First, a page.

On September 24, 2019, the United States Department of Labor (DOL) released its final rules for establishing the amounts required to be earned by an employee, to be exempt from the Fair Labor Standards Act (FLSA) overtime requirements.
Under the final rule to be effective January 1, 2020, the amounts required to be earned by an employee for that employee to be exempt from the FLSA overtime requirements will be $684 per week ($35,568 annually).
The new salary level for a Highly Compensated Employee (HCE) will be increased to $107,432 from the current level of $100,000.
Despite the ruling, these federal changes won’t have any effect on employers in California who already need to pay twice the state’s minimum wage to satisfy the requirements for exempt status. With a minimum wage of $12 an hour (for Employer’s with 26 or more employees), that is $49,920 in 2019. And that amount goes up as the minimum wage increases a dollar a year until it hits $15 for all employers in January 1, 2023; at that time the minimum salary level for exempt status in California will be $62,400.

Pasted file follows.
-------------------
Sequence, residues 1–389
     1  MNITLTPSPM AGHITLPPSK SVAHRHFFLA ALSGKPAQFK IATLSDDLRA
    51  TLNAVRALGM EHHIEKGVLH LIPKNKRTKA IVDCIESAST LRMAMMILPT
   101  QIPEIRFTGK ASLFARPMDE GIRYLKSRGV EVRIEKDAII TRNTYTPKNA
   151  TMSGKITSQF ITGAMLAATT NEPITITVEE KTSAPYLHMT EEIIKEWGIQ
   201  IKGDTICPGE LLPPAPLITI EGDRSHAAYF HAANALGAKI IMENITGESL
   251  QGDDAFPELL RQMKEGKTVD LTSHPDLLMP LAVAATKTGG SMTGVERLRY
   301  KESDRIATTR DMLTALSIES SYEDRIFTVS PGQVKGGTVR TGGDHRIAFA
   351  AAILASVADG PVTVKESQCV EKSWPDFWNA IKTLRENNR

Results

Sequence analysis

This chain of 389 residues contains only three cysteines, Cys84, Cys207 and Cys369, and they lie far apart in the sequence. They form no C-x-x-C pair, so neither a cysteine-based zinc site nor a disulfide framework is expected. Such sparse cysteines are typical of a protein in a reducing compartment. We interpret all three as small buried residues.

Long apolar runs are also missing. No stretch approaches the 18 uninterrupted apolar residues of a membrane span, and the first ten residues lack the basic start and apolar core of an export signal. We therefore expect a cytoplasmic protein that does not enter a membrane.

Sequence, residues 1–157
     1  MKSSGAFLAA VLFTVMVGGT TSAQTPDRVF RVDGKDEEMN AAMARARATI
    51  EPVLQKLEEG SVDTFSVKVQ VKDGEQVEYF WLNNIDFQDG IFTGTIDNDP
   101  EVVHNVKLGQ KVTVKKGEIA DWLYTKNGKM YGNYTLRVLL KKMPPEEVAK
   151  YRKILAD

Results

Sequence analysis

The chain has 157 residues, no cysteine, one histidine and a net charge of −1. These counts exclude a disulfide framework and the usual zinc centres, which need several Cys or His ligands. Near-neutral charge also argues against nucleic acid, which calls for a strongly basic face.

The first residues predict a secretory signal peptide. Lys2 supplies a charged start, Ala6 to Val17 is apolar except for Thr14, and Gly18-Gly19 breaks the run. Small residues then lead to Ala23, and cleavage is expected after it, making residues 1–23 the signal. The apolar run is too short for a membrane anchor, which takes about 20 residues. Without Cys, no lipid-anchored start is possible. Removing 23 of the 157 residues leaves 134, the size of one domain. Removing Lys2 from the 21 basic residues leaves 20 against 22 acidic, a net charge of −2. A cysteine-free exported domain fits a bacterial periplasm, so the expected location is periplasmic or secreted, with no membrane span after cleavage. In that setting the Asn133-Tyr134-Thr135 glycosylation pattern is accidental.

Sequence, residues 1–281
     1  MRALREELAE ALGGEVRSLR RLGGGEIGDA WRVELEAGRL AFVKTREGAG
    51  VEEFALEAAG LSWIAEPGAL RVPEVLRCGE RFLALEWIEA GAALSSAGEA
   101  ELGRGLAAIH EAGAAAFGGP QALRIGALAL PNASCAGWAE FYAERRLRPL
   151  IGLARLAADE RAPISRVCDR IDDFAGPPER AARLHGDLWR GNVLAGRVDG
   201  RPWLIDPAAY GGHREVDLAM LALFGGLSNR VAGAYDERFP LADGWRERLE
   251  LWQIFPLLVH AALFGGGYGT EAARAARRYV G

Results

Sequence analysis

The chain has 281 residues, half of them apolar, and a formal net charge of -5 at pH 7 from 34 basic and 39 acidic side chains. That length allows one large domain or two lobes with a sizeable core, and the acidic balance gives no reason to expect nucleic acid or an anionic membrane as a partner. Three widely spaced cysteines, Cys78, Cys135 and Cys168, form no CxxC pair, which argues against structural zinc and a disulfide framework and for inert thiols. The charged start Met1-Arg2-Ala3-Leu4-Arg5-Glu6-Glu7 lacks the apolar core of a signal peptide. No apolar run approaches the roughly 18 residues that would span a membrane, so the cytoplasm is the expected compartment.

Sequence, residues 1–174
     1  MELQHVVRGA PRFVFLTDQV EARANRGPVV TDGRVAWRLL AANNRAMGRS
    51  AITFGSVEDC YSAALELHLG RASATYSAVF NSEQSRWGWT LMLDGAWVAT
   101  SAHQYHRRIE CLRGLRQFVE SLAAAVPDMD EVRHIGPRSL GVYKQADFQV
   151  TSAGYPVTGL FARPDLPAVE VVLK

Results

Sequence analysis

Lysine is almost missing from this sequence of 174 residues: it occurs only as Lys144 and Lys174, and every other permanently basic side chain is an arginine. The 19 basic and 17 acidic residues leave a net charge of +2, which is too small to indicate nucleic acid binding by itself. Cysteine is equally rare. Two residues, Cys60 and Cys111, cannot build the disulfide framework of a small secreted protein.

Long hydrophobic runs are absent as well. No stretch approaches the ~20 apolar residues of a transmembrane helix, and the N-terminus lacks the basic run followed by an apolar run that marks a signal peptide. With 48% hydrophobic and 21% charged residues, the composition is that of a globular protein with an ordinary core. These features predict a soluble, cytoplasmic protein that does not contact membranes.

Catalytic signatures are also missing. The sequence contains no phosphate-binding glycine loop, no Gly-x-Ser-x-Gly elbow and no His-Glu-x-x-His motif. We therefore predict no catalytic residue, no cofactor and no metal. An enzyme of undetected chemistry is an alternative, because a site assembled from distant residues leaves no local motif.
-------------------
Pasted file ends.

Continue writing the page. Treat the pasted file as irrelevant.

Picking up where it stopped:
As under the Obama rules and the proposed rules, the final rules permit employers to satisfy the new salary-level requirement by using nondiscretionary bonuses and incentive payments (including commissions) to satisfy up to 10 percent of the salary level test. Also, there is no change to the duties requirements to be considered exempt from FLSA overtime in addition to the required threshold.
The final rule does not provide for any automatic increases to the salary thresholds. In the final ruling, the DOL reaffirmed “its intent to update the standard salary level and HCE total annual compensation threshold more regularly in the future using notice and comment rulemaking” but declined to adopt the proposed rule to revisit the salary levels every four years. Under the Obama rules, a mechanism for automatically updating the salary and compensation levels every three years was established, starting on January 1, 2020.
For a copy of the DOL final rule, click on the link provided below.
The DOL has also released the following documents in conjunction with the final rule:
Frequently Asked Questions:
Naphar Isley, CCP, GRP